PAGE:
Giant bags of wheat (and corn and barley) cluster in one corner of the large warehouse room that serves as a distillery. All of 2Bar's wheat comes from the town of Wilbur, Washington, making it an entirely local operation, from grain to spirit.
Mills like this, Nathan Kaiser tells me, rip off arms at the shoulder if you’re not careful—a prosthetics guy once told him he sees 2 or 3 cases of it a year. But the job here is to mill 200 pounds of grain at a time to a grist, allowing access to the starch (and a tiny bit of needed sugar). When the milling's done, the grist is augured right into the mash tun.
What happens when you mix 200 gallons of steaming hot water with hundreds of pounds of milled grain? Well, basically you get something that tastes like unsweetened oatmeal. At this point, all the starch is released from the grains, so the malted barley is added, and the enzymes in it begin to convert the starch to sugar.
Business End of Mash Tun
The mash gets sweeter by the minute as the enzymes go to work, before it’s time to open this faucet. The grist (roughly milled grain) acts then as a filter, so what actually flows from the mash tun is a dark, but clarified liquid. 2Bar then uses an unusual water and energy recycling process, running purified city water through the wort chiller. Hot wort goes in one end, the cold water in the other, and the heat exchange cools the wort down, while the wort heats the water up—which is used as the hot water for the next day’s mash.
Lovely Ladies (Fermenting Tubs)
June Carter Cash, Patsy Cline, Dolly Parton, and Connie Smith smile out from 2Bar’s fermenting tubs. “Why label with numbers, when you can pay homage to a little two-step, honky-tonk history? It’s more fun!” Kaiser asks. When the wort is done fermenting, it’s basically an uncarbonated, unhopped beer called a wash. From there, it goes into the wash still.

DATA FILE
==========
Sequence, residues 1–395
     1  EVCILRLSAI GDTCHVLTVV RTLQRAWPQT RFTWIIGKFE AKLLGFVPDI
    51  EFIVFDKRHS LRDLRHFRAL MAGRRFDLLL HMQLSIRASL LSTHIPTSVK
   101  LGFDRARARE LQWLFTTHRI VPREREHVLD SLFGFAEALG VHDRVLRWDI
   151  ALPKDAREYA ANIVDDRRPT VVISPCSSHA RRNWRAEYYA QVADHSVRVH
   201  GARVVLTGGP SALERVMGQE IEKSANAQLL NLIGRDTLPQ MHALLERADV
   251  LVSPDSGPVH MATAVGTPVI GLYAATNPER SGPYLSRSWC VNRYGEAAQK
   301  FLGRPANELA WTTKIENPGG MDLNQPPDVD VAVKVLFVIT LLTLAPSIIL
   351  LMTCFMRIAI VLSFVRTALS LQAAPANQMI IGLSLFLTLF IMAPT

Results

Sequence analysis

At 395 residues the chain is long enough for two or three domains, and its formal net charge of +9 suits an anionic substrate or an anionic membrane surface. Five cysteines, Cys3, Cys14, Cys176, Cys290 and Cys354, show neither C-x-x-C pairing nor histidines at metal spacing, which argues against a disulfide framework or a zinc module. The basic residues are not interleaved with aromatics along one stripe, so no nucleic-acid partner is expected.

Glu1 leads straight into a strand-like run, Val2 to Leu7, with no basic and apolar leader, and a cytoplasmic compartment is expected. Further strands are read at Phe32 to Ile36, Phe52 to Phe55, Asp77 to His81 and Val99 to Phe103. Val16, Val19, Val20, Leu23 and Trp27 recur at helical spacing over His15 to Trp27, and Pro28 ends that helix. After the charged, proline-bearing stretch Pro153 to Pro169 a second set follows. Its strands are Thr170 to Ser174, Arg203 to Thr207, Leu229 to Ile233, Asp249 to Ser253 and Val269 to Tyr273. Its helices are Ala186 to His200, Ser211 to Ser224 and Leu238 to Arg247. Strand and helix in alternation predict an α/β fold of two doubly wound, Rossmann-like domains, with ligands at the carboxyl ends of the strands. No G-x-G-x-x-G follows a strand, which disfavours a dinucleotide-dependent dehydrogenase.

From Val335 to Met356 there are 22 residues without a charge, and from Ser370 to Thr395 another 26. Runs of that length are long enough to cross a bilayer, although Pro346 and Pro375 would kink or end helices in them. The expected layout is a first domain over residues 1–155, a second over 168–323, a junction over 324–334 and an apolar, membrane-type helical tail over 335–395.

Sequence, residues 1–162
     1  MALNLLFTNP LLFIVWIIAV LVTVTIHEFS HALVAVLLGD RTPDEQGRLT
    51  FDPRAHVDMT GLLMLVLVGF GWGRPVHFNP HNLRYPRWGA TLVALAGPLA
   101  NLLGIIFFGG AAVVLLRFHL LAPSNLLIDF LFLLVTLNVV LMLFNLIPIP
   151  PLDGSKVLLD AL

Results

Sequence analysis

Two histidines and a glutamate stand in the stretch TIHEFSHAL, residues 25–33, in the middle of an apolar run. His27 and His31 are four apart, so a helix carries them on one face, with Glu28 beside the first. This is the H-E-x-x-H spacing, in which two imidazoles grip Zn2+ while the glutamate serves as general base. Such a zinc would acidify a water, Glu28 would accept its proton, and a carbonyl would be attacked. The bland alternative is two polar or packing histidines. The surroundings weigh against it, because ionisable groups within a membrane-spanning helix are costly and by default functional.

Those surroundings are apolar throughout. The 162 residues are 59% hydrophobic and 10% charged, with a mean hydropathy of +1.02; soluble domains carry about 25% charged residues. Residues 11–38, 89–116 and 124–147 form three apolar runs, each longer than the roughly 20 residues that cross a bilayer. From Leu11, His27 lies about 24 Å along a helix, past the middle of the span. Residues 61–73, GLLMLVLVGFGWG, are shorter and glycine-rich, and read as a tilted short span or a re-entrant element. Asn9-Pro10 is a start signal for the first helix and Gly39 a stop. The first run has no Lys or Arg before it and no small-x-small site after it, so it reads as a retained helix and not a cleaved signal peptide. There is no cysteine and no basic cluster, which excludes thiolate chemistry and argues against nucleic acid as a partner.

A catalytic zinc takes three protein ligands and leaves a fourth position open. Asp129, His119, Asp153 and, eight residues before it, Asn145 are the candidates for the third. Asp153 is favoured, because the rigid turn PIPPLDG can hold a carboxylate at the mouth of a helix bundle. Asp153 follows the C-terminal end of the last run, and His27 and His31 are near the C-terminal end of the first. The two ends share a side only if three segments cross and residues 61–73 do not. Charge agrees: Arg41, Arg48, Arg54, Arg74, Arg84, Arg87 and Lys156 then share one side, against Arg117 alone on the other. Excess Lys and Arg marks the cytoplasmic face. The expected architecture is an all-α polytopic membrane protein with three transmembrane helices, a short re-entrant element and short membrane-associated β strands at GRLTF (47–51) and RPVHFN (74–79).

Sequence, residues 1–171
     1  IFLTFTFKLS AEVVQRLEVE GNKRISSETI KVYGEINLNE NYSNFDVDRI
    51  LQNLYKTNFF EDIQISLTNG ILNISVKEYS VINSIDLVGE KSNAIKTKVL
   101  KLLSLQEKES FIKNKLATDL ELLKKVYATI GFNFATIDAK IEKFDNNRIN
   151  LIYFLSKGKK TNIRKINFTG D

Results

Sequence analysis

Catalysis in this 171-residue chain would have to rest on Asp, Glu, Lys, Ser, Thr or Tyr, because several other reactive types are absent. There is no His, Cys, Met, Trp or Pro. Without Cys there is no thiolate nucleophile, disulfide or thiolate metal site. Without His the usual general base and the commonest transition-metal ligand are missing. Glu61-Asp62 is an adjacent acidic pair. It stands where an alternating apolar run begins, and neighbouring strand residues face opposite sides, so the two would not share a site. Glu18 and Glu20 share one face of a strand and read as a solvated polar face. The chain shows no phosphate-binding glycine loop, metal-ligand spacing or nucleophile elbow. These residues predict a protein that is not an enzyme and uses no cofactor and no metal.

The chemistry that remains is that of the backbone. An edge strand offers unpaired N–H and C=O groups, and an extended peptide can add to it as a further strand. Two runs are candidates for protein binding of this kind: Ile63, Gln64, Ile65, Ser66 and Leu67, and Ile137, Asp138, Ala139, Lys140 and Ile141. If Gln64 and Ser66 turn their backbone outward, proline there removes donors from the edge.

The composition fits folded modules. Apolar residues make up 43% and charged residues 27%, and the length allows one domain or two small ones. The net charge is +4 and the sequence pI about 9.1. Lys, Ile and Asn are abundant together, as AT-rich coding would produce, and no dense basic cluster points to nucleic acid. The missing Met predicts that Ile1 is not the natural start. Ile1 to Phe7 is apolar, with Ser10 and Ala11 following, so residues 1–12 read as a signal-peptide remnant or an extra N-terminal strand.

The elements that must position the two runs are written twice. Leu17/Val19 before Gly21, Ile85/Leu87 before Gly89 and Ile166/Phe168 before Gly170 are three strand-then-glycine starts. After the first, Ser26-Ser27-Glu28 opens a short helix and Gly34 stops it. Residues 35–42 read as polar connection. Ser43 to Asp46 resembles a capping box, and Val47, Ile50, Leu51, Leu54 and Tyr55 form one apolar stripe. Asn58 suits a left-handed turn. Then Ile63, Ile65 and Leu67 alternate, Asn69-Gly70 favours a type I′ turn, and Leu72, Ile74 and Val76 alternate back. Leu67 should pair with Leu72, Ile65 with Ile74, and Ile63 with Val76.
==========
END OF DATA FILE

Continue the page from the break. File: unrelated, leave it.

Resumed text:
Collecting just the good parts (or hearts) from 200 gallons of wash would be very difficult or take a very long time without the help of the wash still, which concentrates the alcohol, and makes only 40 gallons of low wines. Then, in the spirit still, those low wines are distilled, the heads and tails are cut, and the final spirit is dialed in.
Heads and tails, pulled from before and after the distilling of the “hearts” are set aside and kept in small containers. Pulling the lid off, I was hit hard with the smell of burnt toast. Kaiser explains that while you don’t want these in moonshine or vodka, a little bit in your white dog will interact with the barrel, adding butterscotch flavors to your bourbon.
Maturing and Proofing
These tanks hold the vodka and moonshine as it proofs and matures. Blue tape keeps track of what exactly is in each mixture.
2Bar is a small operation, and this bottling machine shares a table with a little bit of paperwork and the office pet, a tarantula. On a shelf below is the labeling machine.
You won’t find these 2Bar products on store shelves yet, but as Kaiser constantly reminded me “I own a distillery, I’m going to have fun with it.” Shown here are an experimental gin, brandy, and the not-yet-released bourbon.
Down the street from 2Bar Ranch in Texas is the Spoetzl Brewery, where Shiner Bock beer is brewed, and whose tasting room inspired Kaiser in building his own. “It was like a community center, cattle farmers and oil workers, side by side with housewives and teachers.”